Chips for everyone – Henry dubbed himself ‘Chips’. The Diaries of Channon, 1918-1938
Sir Henry “Chips” Channon was a Tory politician who knew everyone and was present at almost every major event in the first half of the twentieth century. His name is not well known today, but in his prime, he knew everyone and was present at almost every major event.
In 1935, Channon became the Member of Parliament for Southend, succeeding his mother-in-law, who had “inherited” the seat from her husband when he inherited the family earldom. Following his father’s death, his son, Paul, won the family seat in a by-election in January 1959 and held it until 1997, when he retired and was promoted to the upper house as Lord Kelvedon.
Channon kept a diary from 1918 until the year before his death, and the unexpurgated version is now available to the public for the first time.
This is the first of three large volumes; the second will be released in September of this year, and the third, and last, will be released in 2022.
In 1967, future Tory MP Robert Rhodes James published a heavily edited version of the diaries – most of the people mentioned were still living at the time, and libel courts might be used to seek retribution.
Heffer doesn’t have to deal with any of these issues because everyone in the group has died, and wow, is that a good thing.
Henry Channon was an American who despised his country, a married guy who was sexually attracted to other men, and someone who didn’t work a day in his life until he was 38 years old, when he became a Member of Parliament.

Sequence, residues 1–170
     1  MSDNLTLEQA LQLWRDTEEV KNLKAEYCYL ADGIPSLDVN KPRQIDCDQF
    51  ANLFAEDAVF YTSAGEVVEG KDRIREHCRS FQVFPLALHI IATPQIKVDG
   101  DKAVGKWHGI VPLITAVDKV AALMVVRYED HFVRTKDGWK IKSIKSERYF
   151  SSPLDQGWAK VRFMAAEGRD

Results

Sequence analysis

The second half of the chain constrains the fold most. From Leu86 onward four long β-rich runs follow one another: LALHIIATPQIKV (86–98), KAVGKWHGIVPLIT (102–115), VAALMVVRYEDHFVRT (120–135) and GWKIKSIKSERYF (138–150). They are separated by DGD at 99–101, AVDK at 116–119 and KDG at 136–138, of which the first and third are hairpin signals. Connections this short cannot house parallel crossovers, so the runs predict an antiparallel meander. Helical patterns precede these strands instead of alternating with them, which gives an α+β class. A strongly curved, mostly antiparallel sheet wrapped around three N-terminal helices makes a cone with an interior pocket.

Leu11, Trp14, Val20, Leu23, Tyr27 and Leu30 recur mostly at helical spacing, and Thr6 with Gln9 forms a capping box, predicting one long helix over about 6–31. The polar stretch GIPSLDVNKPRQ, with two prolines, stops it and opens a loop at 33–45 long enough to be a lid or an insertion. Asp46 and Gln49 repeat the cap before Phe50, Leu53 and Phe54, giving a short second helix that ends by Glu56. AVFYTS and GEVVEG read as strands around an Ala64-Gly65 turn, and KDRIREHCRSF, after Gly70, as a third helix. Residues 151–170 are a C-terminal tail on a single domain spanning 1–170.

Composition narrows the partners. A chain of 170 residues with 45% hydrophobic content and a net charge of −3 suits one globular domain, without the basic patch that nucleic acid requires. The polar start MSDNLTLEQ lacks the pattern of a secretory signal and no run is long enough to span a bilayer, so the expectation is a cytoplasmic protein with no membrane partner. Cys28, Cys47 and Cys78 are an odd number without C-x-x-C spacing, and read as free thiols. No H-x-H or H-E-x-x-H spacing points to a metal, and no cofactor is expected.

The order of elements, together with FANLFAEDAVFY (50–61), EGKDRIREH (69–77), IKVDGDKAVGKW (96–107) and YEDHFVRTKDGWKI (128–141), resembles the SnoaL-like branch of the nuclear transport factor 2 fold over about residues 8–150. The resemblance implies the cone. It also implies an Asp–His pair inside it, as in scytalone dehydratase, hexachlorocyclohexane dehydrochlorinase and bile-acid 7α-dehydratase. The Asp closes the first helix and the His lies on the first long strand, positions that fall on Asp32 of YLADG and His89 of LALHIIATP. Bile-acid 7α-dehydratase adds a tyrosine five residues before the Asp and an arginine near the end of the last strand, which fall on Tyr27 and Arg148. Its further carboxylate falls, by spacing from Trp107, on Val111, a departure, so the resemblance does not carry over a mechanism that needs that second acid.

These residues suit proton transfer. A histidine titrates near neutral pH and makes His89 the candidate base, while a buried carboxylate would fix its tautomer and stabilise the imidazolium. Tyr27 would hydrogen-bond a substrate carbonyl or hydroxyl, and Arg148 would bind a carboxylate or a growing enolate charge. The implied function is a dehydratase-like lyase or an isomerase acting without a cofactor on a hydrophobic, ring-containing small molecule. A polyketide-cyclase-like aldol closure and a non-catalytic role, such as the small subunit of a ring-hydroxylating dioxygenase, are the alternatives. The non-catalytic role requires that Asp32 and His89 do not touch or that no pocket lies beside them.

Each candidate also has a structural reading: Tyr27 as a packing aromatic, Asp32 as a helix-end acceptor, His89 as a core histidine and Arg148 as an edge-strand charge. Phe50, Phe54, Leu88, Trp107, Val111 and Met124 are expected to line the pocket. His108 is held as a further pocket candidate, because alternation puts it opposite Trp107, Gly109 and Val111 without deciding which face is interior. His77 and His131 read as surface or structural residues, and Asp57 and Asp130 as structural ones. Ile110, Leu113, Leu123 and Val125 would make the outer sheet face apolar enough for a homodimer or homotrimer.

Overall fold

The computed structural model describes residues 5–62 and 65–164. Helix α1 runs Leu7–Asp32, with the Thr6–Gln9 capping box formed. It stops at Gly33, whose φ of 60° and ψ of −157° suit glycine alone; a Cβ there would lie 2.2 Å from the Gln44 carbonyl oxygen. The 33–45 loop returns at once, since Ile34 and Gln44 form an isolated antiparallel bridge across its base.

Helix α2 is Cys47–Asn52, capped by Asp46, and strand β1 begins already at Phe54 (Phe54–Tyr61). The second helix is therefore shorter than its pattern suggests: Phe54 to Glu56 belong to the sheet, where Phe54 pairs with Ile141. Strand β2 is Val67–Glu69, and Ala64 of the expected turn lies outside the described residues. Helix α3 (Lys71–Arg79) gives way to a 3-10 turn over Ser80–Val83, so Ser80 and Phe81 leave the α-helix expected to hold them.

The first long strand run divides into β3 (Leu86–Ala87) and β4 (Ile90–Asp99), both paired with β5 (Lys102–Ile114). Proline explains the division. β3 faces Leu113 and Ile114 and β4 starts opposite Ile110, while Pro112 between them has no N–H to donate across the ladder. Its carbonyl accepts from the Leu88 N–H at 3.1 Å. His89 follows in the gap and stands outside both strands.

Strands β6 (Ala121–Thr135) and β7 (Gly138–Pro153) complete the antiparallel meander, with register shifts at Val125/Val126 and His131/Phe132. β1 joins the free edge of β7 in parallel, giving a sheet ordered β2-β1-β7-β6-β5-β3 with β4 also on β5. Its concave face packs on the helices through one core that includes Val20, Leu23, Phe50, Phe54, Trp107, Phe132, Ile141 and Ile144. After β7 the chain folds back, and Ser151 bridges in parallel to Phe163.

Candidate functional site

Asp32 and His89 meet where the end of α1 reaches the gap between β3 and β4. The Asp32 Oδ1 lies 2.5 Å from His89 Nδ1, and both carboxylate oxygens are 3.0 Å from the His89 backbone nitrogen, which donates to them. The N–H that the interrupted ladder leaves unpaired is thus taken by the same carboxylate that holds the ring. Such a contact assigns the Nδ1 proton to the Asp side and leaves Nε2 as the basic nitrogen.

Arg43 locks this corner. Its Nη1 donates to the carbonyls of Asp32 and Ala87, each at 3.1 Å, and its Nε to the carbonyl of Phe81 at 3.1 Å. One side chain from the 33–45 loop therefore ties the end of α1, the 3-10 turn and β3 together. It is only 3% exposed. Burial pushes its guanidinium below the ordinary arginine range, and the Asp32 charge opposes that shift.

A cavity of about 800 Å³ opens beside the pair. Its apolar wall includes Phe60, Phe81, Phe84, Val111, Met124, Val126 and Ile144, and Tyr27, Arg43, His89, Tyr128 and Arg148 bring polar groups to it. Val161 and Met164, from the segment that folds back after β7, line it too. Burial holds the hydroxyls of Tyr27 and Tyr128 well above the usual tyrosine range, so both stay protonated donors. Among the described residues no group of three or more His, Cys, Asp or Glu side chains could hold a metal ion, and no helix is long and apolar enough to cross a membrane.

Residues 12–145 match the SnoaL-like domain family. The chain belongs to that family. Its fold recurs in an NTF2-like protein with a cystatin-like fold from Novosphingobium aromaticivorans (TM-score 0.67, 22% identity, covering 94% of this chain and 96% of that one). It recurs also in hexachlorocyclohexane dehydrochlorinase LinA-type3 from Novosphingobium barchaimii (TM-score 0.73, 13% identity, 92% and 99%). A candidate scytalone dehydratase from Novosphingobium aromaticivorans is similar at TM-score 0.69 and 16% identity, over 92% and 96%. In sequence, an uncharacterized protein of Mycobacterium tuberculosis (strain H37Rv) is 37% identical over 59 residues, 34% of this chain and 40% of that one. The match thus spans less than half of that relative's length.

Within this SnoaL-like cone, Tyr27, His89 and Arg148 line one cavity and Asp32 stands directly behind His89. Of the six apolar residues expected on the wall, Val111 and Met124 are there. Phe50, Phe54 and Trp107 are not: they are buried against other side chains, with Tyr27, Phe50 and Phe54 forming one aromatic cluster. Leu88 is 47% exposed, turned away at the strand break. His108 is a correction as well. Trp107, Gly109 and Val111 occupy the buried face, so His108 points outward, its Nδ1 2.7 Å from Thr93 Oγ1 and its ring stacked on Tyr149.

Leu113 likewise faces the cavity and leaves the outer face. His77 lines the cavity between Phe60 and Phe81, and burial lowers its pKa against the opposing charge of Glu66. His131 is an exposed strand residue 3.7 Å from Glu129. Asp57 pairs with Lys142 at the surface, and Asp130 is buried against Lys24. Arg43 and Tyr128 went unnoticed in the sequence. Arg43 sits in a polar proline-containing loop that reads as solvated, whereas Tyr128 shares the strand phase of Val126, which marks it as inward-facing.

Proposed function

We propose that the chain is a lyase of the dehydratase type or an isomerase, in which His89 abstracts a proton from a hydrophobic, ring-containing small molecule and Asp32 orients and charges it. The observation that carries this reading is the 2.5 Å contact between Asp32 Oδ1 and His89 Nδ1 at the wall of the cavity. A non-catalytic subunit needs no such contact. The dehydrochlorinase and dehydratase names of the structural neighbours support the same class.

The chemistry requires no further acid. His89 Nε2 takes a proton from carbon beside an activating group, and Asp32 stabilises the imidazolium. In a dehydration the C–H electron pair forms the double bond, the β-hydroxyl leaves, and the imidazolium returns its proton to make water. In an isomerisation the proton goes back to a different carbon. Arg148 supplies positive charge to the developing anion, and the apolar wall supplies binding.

The journals begin in 1918, during the final year of the First World War, when he was stationed in France. We learn about the several aristocracy with whom Channon dined, and we discover who these people were owing to Simon Heffer’s extremely useful footnotes.
Channon develops feelings for Bobbie Pratt Barlow, an attractive young soldier, and the two intend to live together in London after the war.
Although Barlow ends up in a house in Sicily with hordes of attractive young lads whom he educates to be servants, the scheme never comes to completion.
“He thinks only of me when he is going into battle, which is wonderful of him,” Barlow writes to his friend after he is ordered to the Front.
There are still gaps in this version of the diaries, despite the fact that it is the most complete version we are likely to see. As we’ve seen, this book begins in 1918 (the Rhodes James version began in). “Brinkwire News in Condensed Form.”